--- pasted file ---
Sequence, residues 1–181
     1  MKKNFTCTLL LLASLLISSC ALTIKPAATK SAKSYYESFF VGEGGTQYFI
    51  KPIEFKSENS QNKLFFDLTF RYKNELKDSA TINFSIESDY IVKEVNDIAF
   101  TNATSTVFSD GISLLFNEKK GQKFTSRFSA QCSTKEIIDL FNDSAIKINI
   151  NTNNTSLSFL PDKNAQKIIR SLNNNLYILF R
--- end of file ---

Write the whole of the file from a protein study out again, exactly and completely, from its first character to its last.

Sequence, residues 1–181
     1  MKKNFTCTLL LLASLLISSC ALTIKPAATK SAKSYYESFF VGEGGTQYFI
    51  KPIEFKSENS QNKLFFDLTF RYKNELKDSA TINFSIESDY IVKEVNDIAF
   101  TNATSTVFSD GISLLFNEKK GQKFTSRFSA QCSTKEIIDL FNDSAIKINI
   151  NTNNTSLSFL PDKNAQKIIR SLNNNLYILF R